Earth Day is celebrated on April 22, and I’ve added some new resources to my Earth Day Wakelet collection, including a link to some Lumio templates you may want to try. (Read my post on Lumio from last week if you’d like to learn more about this free tool.)

In addition, I’ve tried to get a jump on May, which has a dizzying number of observances and celebrations, from Eid Al Fitr to U.S. Memorial Day. Here is that Wakelet, and please let me know if you have a resource that I should add. You’ll find some of favorite Mother’s Day lessons in there as well as Teacher Appreciation and Star Wars Day (May the 4th).

With testing season here, you may want some brain breaks, so I just want to remind you that I have a Fun Stuff collection, Brainteasers and Puzzles, and Wordle Variations (to which I just added my new favorite, Hurdle)

To see my entire set of Wakelet collections, which are listed in alphabetical order, you can visit this page, and follow me for updates.

person holding world globe facing mountain
Photo by Porapak Apichodilok on Pexels.com
Games, Student Response, Teaching Tools, Universal Design for Learning

5 SMART Ways to Engage Your Students with Lumio

5 SMART Ways to Engage Your Students with Lumio

By Terri Eichholz

This post is sponsored by Lumio. All opinions are my own.

One lesson my students learned when presenting their Genius Hour projects was that getting their audience involved in some way improved their interest in what was being taught. The experience also helped the students to understand that planning for that interactivity takes more thought than just reading from bullet points on a slide, so many of them developed an appreciation for the efforts teachers make who go above and beyond a standard lecture. After all, the students were spending the equivalent of 6-12 hours preparing each of their presentations, and that time commitment isn’t very practical for full-time teachers.

What if teachers have help, though? This is an area where educational technology can be transformative, but piecing together products from different companies to pull together an engaging lesson is time-consuming, too – unless you make the choice to use Lumio. With Lumio, students can brainstorm, play games, use a collaborative whiteboard, practice lessons, and get assessed – all in one tool. And the best part is that you can deliver a Lumio lesson with as little or as much preparation as you would like.

A product from SMART Technologies that requires student devices without the necessity of an interactive display, Lumio is free for educators and amazingly easy to use. Its simplicity is almost deceptive when you begin to realize all of the ways you can use it. Like a few other ed tech products you may have seen or used, Lumio lessons consist of slides you present to students either as a teacher-led activity or student-paced. You can import slides from other software, such as PowerPoint, use your existing SMART Notebook files, or create something from scratch. If you choose to integrate Lumio with your Google Drive, you can directly import content from there. Even PDF’s can be directly added to the lesson. There is also a growing library of resources you can choose from, so you can duplicate or customize to your needs. This may sound familiar, but as you begin to customize a lesson, you will discover how Lumio separates itself from the pack. Here are some of the ways you can use it to engage your students.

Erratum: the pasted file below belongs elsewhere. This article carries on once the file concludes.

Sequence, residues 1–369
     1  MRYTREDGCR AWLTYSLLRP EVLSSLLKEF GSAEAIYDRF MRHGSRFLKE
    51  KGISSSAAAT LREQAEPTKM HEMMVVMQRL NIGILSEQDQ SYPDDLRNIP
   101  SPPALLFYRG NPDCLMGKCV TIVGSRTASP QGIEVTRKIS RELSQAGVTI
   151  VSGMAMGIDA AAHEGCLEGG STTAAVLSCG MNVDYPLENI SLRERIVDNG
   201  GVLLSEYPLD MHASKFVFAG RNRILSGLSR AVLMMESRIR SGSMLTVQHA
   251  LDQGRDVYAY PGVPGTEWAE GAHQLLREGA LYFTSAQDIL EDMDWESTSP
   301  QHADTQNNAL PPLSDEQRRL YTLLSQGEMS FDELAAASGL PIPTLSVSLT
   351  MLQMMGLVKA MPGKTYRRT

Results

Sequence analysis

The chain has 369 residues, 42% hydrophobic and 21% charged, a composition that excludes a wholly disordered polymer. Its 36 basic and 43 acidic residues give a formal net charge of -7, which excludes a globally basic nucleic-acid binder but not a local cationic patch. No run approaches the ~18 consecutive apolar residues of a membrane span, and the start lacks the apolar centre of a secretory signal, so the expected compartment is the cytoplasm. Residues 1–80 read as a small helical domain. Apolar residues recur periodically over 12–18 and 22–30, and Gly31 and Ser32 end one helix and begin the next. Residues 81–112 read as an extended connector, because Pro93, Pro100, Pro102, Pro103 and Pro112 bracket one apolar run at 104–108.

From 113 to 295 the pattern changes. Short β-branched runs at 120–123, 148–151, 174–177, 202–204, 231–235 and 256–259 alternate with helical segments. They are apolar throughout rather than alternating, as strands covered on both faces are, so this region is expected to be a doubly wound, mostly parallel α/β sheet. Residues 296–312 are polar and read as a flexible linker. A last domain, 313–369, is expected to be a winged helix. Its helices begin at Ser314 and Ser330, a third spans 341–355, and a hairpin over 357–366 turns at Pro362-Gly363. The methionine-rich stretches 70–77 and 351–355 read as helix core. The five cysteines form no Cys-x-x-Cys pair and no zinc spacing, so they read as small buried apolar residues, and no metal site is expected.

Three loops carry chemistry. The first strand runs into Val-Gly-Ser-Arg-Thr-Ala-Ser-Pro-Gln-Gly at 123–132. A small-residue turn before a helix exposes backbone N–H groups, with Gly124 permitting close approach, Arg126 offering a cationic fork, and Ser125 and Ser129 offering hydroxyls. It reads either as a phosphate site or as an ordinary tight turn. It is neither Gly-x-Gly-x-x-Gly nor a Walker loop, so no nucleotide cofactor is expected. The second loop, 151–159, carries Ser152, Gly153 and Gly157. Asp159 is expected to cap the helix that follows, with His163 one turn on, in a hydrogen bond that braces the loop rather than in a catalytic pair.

1. Maybe your students enjoy playing online quizzes, but you’ve noticed that their enthusiasm begins to fizzle when you use the same format and platform every time. This is not an issue with Lumio. There are twelve Game-Based Activity templates to choose from, with multiple themes for each activity. Game Show and Monster Quiz are two popular ones that are sure to generate some smiles with their entertaining graphics, but you shouldn’t limit yourself to those. The Rank-Order tool has the potential to generate some insightful classroom discussions, and the Word Search activity can give the illusion of “just having fun” while secretly promoting some higher order thinking skills.

2. Another way to keep your students involved in their learning is that you can present slides as a digital handout (to be worked on individually), a group workspace (where Lumio will automatically create groups of students to collaborate), or a whole class activity. And you can change this “on the fly” as you present with two clicks. This flexibility gives you the power to get a sense for what might work best and make last-minute decisions.

Convert pages in your lesson while editing or presenting with Lumio

3. As we know from Universal Design for Learning, engaging a class of students with different abilities means accommodating for as many of those differences as you can within your lesson design. With Lumio, you can add audio to your slides so your students can hear instructions, or you can turn on the Immersive Reader tool for them.

Embed accommodations for different ability levels

4. Whether you are doing a Design Thinking project and want students to generate ideas, or just want to find out what they already know about a topic, you can use the “Shout it Out” Activity. A couple of neat tweaks that you can make to this are that you can quickly turn on/off names to show on the screen as students contribute and you can also determine the maximum number of responses from each student. 

Add a “Shout it Out” activity for brainstorming

5. You can’t keep your class engaged if the material is too repetitive or too complicated. Formative assessments with Lumio give you the information you need to pivot if necessary. At the beginning, middle, or end of your lesson, pop in the teacher-led Response tool to get real-time feedback without skipping a beat.